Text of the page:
Joyce Hunter is an Executive Committee member of the National March on Washington for Lesbian and Gay Rights, and is director of social work services for the Hettrick-Martin Institute-which serves Lesbian and Gay youth in New York City. She calls NAP's explanation of homosexuality "incredibly homophobic and condescending."

Fulani's campaign manual defines homosexuality as pathological, and describes it as historical and political in its origins. "Being gay is a radical statement . Gayness is, in fact, a statement by a broad mass of people who cut across class and race lines in this country about lifestyle and the right to privacy. It is a protest against the repressiveness of our society . [It isn't] a narrow genetic thing, or . simply a statement about sex," the manual asserts.

"In the context of contemporary America being gay is a statement about the right to privacy because of the existence of sodomy laws. It is therefore a political statement, whatever the intentions of the individual gay person," the manual continues. "What Fulani means by being pro-gay is that she supports that right to privacy . in the sense that she supports the protest that is gayness."

Calling this definition "merely a political restatement of the pathology view of homosexuality," Hunter adds, "Basically what it really is, is that old Marxist line that if everything was well with the government then the family would function. They are saying that the family is dysfunctional and that Gay people are Gay by political choice. They reduce our humanness to a political ideology. In terms of adolescents, they act as if it was easy to give up your family and put yourself at risk for violence. Teenagers simply don't think about it [sexuality] in this way."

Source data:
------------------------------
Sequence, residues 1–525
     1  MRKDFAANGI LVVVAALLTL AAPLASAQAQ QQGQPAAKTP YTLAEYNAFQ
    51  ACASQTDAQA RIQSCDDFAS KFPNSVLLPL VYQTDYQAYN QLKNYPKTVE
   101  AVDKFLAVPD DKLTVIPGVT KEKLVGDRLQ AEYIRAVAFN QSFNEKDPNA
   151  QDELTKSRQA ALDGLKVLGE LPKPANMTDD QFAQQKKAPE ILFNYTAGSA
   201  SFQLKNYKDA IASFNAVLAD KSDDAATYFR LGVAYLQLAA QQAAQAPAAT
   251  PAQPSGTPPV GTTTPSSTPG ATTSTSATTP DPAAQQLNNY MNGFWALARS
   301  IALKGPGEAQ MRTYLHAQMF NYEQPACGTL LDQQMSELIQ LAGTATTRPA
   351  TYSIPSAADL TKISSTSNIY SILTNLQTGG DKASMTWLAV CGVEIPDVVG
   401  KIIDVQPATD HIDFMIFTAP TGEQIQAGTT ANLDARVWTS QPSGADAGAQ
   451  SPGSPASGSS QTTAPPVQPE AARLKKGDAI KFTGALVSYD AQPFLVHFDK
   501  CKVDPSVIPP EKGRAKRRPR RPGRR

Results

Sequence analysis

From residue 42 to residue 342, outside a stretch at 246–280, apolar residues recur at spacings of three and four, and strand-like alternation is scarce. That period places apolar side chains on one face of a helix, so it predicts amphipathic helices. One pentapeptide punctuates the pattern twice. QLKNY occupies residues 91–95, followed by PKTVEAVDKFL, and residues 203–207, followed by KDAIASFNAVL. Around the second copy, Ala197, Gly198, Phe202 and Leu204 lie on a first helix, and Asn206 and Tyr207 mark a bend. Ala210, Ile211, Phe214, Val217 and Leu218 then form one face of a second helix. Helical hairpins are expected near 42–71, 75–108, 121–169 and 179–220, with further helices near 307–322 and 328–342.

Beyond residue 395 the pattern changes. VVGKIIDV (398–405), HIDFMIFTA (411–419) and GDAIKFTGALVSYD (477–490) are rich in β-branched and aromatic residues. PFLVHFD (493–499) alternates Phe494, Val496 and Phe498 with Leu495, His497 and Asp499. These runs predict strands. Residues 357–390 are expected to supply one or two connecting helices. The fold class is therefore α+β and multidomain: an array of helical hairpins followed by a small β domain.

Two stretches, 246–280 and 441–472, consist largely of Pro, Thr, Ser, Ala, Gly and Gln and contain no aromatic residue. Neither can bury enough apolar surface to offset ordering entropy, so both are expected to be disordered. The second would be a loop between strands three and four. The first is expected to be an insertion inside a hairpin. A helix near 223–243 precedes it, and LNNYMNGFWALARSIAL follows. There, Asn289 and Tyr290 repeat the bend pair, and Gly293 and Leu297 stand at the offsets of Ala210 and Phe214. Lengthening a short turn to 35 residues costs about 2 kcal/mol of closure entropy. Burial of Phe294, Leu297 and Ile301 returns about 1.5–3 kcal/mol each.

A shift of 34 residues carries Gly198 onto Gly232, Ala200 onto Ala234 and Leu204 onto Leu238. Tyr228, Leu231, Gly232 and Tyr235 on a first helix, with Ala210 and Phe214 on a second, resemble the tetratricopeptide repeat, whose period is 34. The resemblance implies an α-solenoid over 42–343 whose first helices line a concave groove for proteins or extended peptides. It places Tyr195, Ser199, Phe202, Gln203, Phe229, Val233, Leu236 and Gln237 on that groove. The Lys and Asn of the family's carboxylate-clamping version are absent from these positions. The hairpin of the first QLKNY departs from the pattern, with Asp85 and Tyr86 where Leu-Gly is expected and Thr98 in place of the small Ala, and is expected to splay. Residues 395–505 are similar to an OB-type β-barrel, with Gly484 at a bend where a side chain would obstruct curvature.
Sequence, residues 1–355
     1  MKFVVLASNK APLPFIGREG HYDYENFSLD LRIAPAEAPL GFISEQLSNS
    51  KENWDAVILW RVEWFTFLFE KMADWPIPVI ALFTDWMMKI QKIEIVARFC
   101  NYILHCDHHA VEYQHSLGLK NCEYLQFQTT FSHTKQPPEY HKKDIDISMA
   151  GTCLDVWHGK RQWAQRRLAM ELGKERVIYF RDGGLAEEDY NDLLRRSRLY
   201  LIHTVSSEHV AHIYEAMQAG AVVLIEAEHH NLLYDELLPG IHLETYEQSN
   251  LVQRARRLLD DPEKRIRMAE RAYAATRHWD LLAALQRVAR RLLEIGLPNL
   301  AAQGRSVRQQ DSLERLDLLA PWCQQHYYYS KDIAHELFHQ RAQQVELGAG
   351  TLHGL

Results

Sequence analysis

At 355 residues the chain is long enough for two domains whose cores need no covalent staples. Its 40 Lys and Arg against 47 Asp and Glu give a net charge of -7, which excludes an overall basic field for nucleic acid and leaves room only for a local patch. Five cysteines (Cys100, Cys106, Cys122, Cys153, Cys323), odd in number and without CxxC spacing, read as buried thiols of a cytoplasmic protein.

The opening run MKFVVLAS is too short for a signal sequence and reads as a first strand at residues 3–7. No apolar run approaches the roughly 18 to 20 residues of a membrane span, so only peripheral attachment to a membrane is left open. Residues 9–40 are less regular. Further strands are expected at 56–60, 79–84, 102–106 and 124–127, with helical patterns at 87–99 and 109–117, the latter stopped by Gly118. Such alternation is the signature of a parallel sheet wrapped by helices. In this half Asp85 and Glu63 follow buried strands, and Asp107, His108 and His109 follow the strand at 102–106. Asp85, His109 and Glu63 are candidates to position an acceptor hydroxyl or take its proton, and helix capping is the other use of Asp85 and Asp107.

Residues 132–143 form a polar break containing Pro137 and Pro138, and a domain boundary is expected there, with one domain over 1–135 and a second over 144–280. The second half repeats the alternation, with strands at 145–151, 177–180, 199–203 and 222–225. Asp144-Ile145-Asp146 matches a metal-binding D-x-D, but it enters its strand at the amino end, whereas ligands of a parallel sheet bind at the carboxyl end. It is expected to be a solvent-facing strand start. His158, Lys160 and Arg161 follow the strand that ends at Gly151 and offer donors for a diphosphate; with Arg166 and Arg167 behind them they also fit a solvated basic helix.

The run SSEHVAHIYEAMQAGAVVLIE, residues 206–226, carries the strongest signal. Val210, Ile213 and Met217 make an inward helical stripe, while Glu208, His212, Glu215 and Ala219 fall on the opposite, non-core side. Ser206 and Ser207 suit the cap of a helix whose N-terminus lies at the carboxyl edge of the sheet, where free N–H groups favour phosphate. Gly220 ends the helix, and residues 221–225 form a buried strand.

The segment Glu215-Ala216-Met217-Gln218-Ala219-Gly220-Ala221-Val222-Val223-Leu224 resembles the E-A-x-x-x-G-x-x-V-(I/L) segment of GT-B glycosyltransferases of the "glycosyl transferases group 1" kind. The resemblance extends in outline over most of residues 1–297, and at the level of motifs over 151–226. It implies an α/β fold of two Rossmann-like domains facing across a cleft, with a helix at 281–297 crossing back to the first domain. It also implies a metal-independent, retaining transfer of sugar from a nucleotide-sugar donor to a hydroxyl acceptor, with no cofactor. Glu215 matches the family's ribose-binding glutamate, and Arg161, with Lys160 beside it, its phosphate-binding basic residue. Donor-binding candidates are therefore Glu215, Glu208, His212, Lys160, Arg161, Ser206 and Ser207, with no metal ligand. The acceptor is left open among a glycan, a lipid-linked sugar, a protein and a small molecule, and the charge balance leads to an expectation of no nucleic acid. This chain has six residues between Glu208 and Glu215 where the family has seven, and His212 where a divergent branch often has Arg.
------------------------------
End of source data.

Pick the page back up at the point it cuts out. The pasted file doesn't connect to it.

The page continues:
When questioned about this definition of homosexuality, Ed Patuto, a Gay man who is a campaign organizer for Fulani in the Midwest-and who says he has been active in The New Alliance Party for eight years-said that "in a less repressive society more people would be Gay." When asked how he could draw such a conclusion from reading the above-quoted passages, Patuto responded, "I don't know what more I can say."


Local progressive and Gay and Lesbian activists have expressed misgivings about their experiences with Patuto, with NAP Midwest press representative Marian Grossman, and with other party members. They cite what they see as deceptions, distortions misrepresentations and even outright lies in their dealing with NAP organizers.